This is a scary prospect for our human race. Zimbabwe, thus, cannot escape the blight from the ensuing climate crisis; it can only mitigate its impact, even then only up to a point and with diminishing returns.
Zimbabwe, alongside other African countries, is a solution to this worsening menace. Our emissions are very low, well below a single percentage point.
While this may sound good, and even worth celebrating, it does not itself insure us against the ravages of the problem caused by a highly carbonised civilisation from which countries of the West have profited in the last 400 years.
Nor can we run away from the fact implied by our low emissions, namely, that we are underdeveloped industrially. Whatever inadvertent benefits to global climate, Zimbabwe and Africa’s low emissions should never get us to make virtue of the vice of industrial backwardness.
The costs of an un-industrialised Zimbabwe and Africa are just as dire as the consequences of unmerited costs thrust upon us by greatest emitters of gases which destroy our planet.
Either way, we suffer, which is why our approach to the current climate crisis must be nuanced enough to balance climate safeguards which we all require, against Africa’s industrialisation which she needs. Our country and continent must industrialise, modernise, grow, develop and catch up with the rest of the world.
We go to Sharm el-Sheikh to press for our right, singly and collectively, to sustainable industrial development.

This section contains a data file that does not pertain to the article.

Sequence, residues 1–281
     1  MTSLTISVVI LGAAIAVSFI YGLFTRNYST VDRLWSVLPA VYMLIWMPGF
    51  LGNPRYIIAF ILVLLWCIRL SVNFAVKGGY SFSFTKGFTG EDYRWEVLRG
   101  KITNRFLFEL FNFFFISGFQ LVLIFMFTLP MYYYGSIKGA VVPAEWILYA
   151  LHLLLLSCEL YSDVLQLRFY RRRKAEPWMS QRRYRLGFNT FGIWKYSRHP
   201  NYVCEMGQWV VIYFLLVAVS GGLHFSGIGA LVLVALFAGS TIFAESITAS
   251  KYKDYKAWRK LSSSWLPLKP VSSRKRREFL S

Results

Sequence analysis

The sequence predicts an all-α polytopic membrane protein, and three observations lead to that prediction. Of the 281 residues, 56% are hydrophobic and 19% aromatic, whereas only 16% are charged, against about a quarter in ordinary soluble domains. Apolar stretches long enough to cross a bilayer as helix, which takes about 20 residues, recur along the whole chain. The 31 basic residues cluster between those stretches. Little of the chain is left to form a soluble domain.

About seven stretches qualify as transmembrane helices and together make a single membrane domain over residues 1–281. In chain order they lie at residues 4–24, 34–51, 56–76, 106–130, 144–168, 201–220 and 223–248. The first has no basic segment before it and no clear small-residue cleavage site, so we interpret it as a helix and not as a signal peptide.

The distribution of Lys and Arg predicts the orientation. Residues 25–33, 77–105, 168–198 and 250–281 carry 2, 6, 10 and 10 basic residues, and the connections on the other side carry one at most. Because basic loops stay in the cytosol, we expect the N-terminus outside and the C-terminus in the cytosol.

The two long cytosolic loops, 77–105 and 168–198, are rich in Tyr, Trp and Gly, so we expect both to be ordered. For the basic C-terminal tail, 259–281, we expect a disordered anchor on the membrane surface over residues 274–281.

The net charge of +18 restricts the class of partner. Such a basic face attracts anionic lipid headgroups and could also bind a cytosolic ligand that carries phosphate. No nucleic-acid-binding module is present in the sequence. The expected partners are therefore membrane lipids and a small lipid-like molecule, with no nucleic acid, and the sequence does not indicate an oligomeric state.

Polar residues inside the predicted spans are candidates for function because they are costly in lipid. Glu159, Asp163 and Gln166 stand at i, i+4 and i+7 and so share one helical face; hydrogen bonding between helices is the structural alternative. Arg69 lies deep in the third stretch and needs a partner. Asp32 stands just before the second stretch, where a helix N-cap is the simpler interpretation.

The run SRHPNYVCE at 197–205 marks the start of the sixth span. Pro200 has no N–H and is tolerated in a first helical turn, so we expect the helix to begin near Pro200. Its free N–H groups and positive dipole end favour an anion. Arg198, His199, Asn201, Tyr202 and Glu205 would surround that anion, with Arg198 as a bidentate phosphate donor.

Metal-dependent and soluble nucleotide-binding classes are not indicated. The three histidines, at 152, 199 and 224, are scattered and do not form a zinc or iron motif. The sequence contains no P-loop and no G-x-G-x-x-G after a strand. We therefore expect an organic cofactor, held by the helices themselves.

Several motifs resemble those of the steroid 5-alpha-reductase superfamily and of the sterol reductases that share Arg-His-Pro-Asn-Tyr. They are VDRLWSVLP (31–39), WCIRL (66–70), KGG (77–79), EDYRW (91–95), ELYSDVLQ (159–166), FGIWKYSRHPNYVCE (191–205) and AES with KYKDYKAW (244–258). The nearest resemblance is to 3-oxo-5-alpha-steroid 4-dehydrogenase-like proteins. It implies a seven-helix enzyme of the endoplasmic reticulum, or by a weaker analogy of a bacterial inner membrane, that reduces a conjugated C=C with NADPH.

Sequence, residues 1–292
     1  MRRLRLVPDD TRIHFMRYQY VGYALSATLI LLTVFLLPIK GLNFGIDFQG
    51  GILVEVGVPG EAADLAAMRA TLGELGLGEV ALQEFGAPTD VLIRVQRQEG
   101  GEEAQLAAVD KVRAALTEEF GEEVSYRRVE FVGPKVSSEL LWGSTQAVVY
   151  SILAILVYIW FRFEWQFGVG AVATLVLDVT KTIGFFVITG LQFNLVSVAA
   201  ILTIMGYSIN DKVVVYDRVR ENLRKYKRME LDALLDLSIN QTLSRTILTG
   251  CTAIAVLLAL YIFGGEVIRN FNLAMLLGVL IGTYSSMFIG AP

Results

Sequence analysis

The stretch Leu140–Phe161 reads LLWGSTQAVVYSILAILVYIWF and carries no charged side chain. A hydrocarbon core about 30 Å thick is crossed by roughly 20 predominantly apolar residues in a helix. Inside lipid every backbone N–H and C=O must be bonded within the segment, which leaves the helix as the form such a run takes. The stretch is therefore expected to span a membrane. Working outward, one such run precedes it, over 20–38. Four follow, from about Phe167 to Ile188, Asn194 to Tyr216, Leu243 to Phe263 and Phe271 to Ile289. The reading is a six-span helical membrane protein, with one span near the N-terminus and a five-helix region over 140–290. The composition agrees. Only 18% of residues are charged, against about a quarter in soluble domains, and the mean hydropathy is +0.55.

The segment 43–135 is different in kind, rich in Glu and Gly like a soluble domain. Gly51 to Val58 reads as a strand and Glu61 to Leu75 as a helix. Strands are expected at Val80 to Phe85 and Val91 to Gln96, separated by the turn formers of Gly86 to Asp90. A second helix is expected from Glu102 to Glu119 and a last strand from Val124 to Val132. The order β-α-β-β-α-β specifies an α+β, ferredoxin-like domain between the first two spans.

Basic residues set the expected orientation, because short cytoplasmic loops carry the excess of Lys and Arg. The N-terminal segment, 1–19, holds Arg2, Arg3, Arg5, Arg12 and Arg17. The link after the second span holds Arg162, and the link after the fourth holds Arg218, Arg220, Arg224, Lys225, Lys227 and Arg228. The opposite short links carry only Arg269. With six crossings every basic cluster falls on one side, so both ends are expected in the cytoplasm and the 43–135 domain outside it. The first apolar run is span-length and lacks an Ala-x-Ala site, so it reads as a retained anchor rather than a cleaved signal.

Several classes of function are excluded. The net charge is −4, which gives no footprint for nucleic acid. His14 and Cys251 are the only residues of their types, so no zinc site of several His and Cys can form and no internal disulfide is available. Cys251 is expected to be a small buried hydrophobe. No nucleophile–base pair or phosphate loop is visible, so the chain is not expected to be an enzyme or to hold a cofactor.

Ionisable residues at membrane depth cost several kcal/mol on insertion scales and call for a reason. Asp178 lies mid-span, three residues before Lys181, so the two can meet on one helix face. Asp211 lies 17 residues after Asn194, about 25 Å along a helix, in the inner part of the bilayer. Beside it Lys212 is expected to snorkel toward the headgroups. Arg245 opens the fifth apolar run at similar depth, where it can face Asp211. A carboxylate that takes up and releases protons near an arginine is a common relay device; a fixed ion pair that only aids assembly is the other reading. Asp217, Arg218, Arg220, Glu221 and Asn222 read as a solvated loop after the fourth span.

Zimbabwe and Africa’s low level industrialisation also makes us a solution in that we still enjoy a fair measure of ecological balance and sustainability.
We have rich flora and fauna, even though both are beginning to register pressures arising from the global environmental crisis started elsewhere in the rich North. Because of this unique, yet delicate and potentially residual ecological balance, we have become one of the few remaining carbon sinks for a world whose ecosystem is stretched to near breaking point. To that extent, we must be recognised and rewarded as the last remaining solution to this one problem which threatens to consume our species and our civilisation.
Again, Africa and similar continents will press hard this point at Sharm el-Sheikh.
Thirdly, because of our low-level industrialisation, we have an opportunity to forge an industrialisation pathway which is both green and sustainable, to the extent it is acutely conscious of the hazards of carbonised civilisation, and minimally ruinous to the already strained ecosystem.